In contrast, a lower IOR really does make money easier. As an analogy, when the market price of oil rises, one may see more consumption if the increase is the result of more oil demand, and less consumption if the price increase is the result of less oil supply. In contrast, a higher tax on oil always tends to reduce consumption, and an oil subsidy always tends to boost consumption. A policy of IOR is more like a tax or subsidy, not a market price. Ironically, the misconception that many people had about the fed funds rate—that a lower rate meant easier money—is actually true for interest on reserves. Ceteris paribus, a lower IOR does in fact represent a more expansionary monetary policy, as it encourages banks to move money out into the economy, where it will boost total spending.

Why Do Some Central Banks Pay Negative Interest on Reserves?

The European Central Bank, the Bank of Japan, and a number of other central banks pay a negative interest rate on reserves. In other words, they impose a tax on bank reserves. Many people are confused by this policy, and in fairness even many economists were caught off guard when the policies were first implemented. The average person was confused because the whole idea of negative interest rates seems somehow unnatural.

Economists typically don’t have any objection to the general concept of negative rates, but assumed the concept would never work because investors always had an alternative option: zero-interest-rate currency. Indeed, until recently, it was assumed that the zero interest rate on cash created a sort of “zero lower bound” on nominal interest rates. Why would anyone hold money in a bank deposit at negative rates, when they could hold cash earning a zero rate of return?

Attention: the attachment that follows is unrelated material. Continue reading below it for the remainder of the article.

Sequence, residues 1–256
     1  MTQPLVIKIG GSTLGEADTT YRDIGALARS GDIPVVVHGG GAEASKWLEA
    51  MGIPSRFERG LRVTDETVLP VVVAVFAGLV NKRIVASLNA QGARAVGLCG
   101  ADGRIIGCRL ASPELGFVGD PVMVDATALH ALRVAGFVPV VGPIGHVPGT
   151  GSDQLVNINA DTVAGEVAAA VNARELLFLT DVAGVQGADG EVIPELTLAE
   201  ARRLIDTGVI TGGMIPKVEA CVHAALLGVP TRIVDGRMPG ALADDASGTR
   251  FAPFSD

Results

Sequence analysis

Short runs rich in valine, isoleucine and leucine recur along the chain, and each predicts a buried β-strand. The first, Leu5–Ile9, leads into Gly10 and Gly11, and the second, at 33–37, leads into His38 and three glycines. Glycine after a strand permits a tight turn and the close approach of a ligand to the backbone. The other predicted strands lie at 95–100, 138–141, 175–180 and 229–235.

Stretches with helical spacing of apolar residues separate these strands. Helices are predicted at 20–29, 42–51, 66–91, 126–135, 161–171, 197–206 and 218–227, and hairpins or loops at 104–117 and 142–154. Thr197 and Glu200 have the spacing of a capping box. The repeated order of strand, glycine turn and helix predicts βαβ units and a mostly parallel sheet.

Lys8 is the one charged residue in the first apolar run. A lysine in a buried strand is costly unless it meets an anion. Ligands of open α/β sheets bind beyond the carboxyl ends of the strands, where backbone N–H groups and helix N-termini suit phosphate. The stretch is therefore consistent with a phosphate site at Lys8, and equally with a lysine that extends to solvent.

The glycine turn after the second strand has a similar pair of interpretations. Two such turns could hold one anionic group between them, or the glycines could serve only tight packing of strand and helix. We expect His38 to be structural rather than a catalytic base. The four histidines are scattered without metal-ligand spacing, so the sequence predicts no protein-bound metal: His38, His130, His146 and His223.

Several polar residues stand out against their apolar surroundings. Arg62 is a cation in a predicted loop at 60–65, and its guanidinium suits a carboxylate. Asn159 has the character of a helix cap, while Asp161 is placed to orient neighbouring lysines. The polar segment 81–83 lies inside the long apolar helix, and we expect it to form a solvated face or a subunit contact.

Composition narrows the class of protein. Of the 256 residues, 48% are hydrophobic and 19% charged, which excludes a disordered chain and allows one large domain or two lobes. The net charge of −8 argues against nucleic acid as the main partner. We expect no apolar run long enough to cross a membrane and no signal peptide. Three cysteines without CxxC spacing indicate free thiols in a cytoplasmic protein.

It turns out that many large institutions are willing to hold large sums of money at slightly negative interest rates. Whether because of the risk of fire or theft, or because of heightened government scrutiny over unusually large cash holdings, large institutions do not seem willing to hold billions of dollars of currency. As a result, a number of central banks have been able to successfully drive the nominal interest rate into slightly negative territory. To be sure, there are limits as to how far negative that interest rates can go. At some point the demand for cash would increase sharply. So far, no central bank has been able to push market rates down to negative 1 percent.

After the Fed adopted a policy of IOR in late 2008, I argued that the interest rate should be set at a negative level. At the time, many scoffed at this suggestion, doubting whether the effect would be expansionary. After all, negative IOR is a tax on reserves, and we normally think of taxes having a negative impact on the economy.

But money is very different from other goods. Less demand for goods is contractionary for the economy and often leads to higher unemployment. Money is just the opposite. Less demand for money is expansionary for the economy, boosting employment. That’s because money is the other side of any transaction. People can reduce their holding of money only by purchasing goods, services, or financial assets. Thus, a tax on bank reserves (negative IOR) will tend to boost spending on other goods, services, and assets. Indeed, asset markets reacted to announcements of negative IOR in Europe and Japan as if negative IOR were an expansionary monetary policy shift.